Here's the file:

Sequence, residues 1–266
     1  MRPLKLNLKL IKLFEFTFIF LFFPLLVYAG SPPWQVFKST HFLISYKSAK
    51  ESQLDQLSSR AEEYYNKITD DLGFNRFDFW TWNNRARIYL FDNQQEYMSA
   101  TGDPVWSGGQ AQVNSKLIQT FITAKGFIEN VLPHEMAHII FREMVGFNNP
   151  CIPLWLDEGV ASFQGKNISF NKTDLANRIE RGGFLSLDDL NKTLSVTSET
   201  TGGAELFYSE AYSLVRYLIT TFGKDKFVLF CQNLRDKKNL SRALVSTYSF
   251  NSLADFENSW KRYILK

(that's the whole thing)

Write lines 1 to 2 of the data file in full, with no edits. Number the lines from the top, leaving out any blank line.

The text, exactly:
Sequence, residues 1–266
     1  MRPLKLNLKL IKLFEFTFIF LFFPLLVYAG SPPWQVFKST HFLISYKSAK